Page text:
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Addiction. 2019 Jan;114(1):81-91. doi: 10.1111/add.14405. Epub 2018 Sep 3.

Parental alcohol use disorder and offspring marital outcomes.

Author information

1
Department of Psychology, Virginia Commonwealth University, Richmond, VA, USA.
2
Virginia Institute for Psychiatric and Behavioral Genetics, Virginia Commonwealth University, Richmond, VA, USA.
3
Center for Primary Health Care Research, Lund University, Malmö, Sweden.
4
Institute for Drug and Alcohol Studies, Virginia Commonwealth University, Richmond, VA, USA.
5
Department of Psychiatry, Virginia Commonwealth University, Richmond, VA, USA.
6
Department of Human and Molecular Genetics, Virginia Commonwealth University, Richmond, VA, USA.

Abstract

AIMS:

We tested whether parental alcohol use disorder (AUD) predicted adult offspring's likelihood of marriage and marriage to an AUD-affected spouse; whether effects differed as a function of the sex or number of affected parents; and whether they were robust to confounders.

DESIGN:

Sex-stratified Cox and logistic regression models.

SETTING:

Sweden.

PARTICIPANTS:

A total of 1 171 070 individuals (51.40% male) born 1965-75.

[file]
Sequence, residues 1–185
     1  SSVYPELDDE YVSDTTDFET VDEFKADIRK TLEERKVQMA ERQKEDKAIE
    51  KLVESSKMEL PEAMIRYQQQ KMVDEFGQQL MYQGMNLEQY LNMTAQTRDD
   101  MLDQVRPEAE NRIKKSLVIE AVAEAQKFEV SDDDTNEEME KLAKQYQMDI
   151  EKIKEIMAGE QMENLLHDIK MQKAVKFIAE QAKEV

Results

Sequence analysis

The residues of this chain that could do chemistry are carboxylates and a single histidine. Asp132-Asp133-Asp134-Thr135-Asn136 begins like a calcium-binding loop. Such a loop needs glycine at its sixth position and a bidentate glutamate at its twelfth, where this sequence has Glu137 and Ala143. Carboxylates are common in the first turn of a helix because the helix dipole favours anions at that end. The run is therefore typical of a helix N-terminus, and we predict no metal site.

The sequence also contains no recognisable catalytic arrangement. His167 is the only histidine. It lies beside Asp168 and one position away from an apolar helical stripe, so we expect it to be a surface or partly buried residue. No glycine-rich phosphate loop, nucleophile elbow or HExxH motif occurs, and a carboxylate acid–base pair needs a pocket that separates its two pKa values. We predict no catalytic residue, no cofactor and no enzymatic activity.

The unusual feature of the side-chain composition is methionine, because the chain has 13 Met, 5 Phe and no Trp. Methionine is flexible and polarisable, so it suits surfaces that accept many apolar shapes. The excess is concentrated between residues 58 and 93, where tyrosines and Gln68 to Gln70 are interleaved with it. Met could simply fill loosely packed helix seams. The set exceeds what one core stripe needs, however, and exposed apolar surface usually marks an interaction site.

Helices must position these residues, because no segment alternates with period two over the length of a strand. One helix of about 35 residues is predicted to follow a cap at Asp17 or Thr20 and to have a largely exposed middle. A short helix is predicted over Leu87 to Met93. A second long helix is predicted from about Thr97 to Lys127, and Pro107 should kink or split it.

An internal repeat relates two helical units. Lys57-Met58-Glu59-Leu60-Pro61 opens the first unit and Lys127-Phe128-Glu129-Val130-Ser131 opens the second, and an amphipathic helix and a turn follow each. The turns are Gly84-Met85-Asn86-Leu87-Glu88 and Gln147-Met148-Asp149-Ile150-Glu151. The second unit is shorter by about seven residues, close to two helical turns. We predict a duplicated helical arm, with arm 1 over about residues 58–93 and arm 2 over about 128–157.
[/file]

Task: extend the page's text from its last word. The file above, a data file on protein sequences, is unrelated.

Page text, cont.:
MEASUREMENTS:

Obtained from legal, medical and pharmacy registries. Predictor was parent AUD. Outcomes were marriage and spouse AUD. Adjustments included offspring birth year and AUD; and parental education, marriage, divorce, criminal behavior and drug abuse.

FINDINGS:

Male and female offspring of AUD-affected parents were more likely to marry at younger ages (< 25), illustrative unadjusted hazard ratio (HR)age 20  = 1.22 (1.17, 1.28) and 1.34 (1.20, 1.39) and were less likely to marry at older ages (> 25), HRage 30  = 0.79 (0.78, 0.81) and 0.82 (0.81, 0.84). Parental AUD was associated with higher odds of having an affected spouse for males and females, odds ratio (OR) = 1.47 (1.38, 1.57) and 1.63 (1.56, 1.70). Effects were more pronounced for those with two versus one AUD-affected parent and adjustments attenuated effects negligibly. Daughters of affected mothers (versus fathers) were more likely to have AUD-affected husbands, OR = 1.68 (1.54, 1.84) versus 1.56 (1.48, 1.64), while there was no difference in sons.

CONCLUSIONS:

In Sweden, parental alcohol use disorder (AUD) is associated with a higher probability of marriage at younger ages, a lower probability of marriage at older ages and a higher likelihood of marriage to an affected spouse compared with no parental AUD. Most of these effects become stronger when the number of AUD-affected parents increases from one to two, and most effects hold after controlling for parents' socio-economic status, marital history, other externalizing disorders and offspring's own AUD status. Daughters of affected mothers are more likely to have an affected spouse.

KEYWORDS:

Adult children of alcoholics; age-dependent effects; marital; marriage; parental alcohol use disorder; spousal alcohol use disorder

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